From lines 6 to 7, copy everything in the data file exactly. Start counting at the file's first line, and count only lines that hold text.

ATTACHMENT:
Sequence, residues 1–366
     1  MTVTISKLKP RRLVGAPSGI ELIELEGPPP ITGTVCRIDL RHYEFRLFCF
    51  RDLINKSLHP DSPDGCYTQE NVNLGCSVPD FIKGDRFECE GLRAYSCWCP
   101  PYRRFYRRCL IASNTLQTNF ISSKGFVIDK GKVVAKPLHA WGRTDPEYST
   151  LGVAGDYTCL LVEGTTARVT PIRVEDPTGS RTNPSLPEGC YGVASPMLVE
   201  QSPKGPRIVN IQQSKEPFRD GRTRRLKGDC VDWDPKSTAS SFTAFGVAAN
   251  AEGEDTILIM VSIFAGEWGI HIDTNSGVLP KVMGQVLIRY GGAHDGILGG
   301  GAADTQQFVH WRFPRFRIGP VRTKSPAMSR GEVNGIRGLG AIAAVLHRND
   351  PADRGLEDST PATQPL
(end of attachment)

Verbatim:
   201  QSPKGPRIVN IQQSKEPFRD GRTRRLKGDC VDWDPKSTAS SFTAFGVAAN
   251  AEGEDTILIM VSIFAGEWGI HIDTNSGVLP KVMGQVLIRY GGAHDGILGG